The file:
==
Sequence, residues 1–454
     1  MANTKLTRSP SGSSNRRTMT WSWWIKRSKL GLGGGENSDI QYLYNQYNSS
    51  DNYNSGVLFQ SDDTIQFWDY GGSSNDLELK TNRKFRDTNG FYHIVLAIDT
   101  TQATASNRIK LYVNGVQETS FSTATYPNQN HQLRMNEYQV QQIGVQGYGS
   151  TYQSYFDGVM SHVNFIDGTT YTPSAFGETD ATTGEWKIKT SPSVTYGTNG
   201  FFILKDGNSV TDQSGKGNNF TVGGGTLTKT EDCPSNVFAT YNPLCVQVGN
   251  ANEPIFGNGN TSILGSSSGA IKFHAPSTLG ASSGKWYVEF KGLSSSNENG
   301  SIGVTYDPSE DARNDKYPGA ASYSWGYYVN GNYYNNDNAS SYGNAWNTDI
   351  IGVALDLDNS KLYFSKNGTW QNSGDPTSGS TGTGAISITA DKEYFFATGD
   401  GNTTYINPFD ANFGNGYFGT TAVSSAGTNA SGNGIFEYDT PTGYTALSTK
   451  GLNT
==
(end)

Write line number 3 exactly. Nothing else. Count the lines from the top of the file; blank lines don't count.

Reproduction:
    51  DNYNSGVLFQ SDDTIQFWDY GGSSNDLELK TNRKFRDTNG FYHIVLAIDT